A profile of innovation at work in the commercial real estate industry...42Floors.

As I have mentioned in several previous blog entry's, at no point in my career in the real estate industry have I witnessed such an explosion of innovation. It seems like on daily basis I am discovering a new site that is focused on the industry, which has long been devoid of a significant amount of innovation. This is great news for our industry as a whole. Competition, innovation and new companies joining the industry means the tools will only get better and professionals more efficient which will lead to a crop of new leaders emerging.

One of the companies to really watch is 42Floors. They are an ambitious group that is taking on a very competitive sector of the commercial real estate sector... office space search. After a very successful launch in San Francisco they have just raised a significant amount of money and recently expanded in New York. I spoke with Darren Nix, Growth Hacker, of 42Floors to get some more insight into their strategy.

 

Michael: The commercial real estate listings market has a lot of competition. What makes 42Floors unique?

Darren: When we first started thinking about the commercial real estate market, back in late 2011, we spent a lot of time looking at the existing search sites and talking to their users.  Users told us they had three primary complaints: 1. Listings being out of date and no longer available.  In some cases, the listings were years old and just existed to "troll" for prospective tenant leads.  2.  Poor descriptions and lack of photos.  3.  Having to register and pay to search.  

In short, users weren't happy.  So what makes 42Floors unique is that we've been working to solve these problems from day one: our listings are frequently checked and expired to keep our inventory fresh; we gather as much detail about listings as we can and send out photographers to take photos of the spaces; we're completely free to search.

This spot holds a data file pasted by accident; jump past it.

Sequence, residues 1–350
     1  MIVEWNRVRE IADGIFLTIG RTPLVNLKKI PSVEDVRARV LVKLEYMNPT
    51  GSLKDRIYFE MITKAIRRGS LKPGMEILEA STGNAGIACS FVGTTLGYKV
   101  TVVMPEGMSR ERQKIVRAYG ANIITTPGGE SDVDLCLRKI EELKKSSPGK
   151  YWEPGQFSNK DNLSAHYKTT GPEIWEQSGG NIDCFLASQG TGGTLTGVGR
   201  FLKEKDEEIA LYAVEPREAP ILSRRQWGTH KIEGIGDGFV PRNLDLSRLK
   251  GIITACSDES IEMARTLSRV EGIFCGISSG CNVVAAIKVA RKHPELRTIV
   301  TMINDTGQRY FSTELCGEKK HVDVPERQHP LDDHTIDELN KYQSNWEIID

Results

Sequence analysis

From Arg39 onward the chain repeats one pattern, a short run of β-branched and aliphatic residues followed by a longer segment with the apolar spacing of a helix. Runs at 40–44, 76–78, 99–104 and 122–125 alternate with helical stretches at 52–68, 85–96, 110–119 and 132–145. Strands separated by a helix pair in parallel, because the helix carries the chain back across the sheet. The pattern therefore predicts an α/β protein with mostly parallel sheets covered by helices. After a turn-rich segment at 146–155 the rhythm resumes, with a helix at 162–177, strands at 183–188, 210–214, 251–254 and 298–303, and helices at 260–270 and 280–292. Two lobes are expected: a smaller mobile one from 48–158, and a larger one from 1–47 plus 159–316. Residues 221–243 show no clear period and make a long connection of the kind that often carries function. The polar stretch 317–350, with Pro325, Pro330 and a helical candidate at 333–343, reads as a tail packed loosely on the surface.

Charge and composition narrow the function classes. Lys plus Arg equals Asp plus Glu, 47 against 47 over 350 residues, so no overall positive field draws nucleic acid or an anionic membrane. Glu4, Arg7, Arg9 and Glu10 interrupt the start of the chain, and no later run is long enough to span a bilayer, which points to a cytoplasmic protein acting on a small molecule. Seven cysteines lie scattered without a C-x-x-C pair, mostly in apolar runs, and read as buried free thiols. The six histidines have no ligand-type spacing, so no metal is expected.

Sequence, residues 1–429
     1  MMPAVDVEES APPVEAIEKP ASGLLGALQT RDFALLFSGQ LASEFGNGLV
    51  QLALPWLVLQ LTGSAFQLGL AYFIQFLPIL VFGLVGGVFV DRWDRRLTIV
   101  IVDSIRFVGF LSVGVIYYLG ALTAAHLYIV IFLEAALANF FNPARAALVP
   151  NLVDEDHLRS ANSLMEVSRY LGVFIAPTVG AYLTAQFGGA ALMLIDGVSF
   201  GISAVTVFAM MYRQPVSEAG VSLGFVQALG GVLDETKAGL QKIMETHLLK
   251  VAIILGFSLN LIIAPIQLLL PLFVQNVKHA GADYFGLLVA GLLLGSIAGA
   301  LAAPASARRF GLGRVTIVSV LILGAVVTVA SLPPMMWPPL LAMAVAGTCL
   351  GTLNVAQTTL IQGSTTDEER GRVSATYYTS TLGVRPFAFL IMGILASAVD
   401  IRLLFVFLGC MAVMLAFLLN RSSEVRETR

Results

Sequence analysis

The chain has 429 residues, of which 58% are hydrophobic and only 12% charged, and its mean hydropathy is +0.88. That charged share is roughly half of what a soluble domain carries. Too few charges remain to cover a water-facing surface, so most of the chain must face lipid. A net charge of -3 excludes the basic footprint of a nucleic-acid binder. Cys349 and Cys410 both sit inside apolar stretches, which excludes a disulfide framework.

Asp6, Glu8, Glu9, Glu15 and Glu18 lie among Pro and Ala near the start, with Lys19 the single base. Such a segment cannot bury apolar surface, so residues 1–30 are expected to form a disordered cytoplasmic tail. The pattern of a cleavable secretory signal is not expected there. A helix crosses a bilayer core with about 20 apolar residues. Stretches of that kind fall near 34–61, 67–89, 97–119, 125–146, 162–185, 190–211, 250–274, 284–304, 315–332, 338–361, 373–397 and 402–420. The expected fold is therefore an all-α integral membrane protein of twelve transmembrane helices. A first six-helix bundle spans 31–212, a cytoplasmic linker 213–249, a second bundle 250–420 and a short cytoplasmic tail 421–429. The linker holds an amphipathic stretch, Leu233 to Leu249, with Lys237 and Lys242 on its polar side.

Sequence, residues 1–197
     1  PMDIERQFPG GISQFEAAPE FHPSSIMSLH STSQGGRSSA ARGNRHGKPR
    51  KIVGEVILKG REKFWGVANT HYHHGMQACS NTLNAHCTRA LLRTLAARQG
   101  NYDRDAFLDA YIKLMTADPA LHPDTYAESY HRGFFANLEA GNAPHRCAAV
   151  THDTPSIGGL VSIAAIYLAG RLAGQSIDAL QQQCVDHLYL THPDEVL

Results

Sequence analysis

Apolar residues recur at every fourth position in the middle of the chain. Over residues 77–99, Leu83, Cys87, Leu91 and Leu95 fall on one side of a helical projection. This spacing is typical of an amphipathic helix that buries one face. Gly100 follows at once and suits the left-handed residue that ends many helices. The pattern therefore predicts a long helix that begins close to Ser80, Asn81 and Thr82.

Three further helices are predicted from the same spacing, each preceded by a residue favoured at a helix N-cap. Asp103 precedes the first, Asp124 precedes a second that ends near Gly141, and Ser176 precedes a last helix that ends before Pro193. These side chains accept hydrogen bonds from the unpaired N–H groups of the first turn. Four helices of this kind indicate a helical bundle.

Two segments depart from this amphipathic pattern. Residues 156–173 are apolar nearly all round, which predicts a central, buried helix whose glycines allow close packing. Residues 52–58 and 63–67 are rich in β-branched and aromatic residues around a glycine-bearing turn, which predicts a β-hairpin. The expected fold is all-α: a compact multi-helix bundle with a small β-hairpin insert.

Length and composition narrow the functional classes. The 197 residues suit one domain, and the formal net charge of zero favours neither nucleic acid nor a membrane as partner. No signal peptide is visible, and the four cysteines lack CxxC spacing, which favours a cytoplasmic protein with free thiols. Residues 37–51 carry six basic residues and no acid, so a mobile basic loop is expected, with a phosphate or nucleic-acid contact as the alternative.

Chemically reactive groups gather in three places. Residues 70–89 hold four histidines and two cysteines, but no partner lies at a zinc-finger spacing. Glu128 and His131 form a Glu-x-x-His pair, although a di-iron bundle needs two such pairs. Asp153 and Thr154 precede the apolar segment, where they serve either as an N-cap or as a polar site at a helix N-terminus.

Michael: What's your revenue model?

Darren: With the funding we've received, we're focused on growth for the time being and delaying revenue.  In the long term, there's a lot of different ways to bring in revenue but one thing we're committed to is keeping the site completely free to search forever.

 

Michael: What did you learn about the industry and your site from your very successful San Francisco launch?

Darren: Where to start... first off, the design of 42Floors.com has changed a lot in response to watching San Francisco office hunters use the site.  For example, we now cluster all the listings by neighborhoods on the map so that it's easier to filter down to just the listings you want.  And we've added a bunch of little things like the ability to see total price per month instead of the cost per square foot per year.  We call this process of taking broker-speak and translating it into the way tenants think "humanizing" the data.

Another example: users really photos -- building photos, floor plans, interior photos, etc.  When we launched in San Francisco, only 20% of our listings had photos, the rest just showed the Google Street View of the address (which was often the wrong building or a blocked view, etc.).  For New York we made a huge push to get photos and 80% of our listings had photos at launch with more on the way.

We also changed a lot of stuff on the backend that isn't visible to our users but matters a lot -- like what happens when they request a building tour.  After SF we realized we needed a way to make sure every tour request got to the right broker and that the tenant was contacted promptly so we’re building an email/text/phone queue to make sure every tour request gets served quickly.

 

Michael: What is your expansion strategy?

Darren: We're not going to start working on the next geographic market until we feel that we've captured the office space market in New York and San Francisco.  The way we think about it is, we could quickly open up nationally with a little bit of inventory in a lot of markets.  We'd reach a lot more users, maybe ten times as many, but their experience on our site would be pretty mediocre.  So instead, we're going to be careful to have a very deep database of listings and great relationships with the property owners and brokers in a particular market before we expand into it.

 

Michael: How do you market the site?

Darren: Our traffic comes from a lot of places... word of mouth, search engines, news reports, advertising.  

 

Michael: The commercial real industry hasn't historically been one that most people associate with technological innovation so why pick this industry?

Darren: Being able to bring new tech into an industry is a great thing, it just increases the size of our opportunity to be transformative.  I like to think that we're bringing proven best practices from other industries, like the free listings photography concept that AirBnB pioneered, and applying it to make the commercial real estate industry better.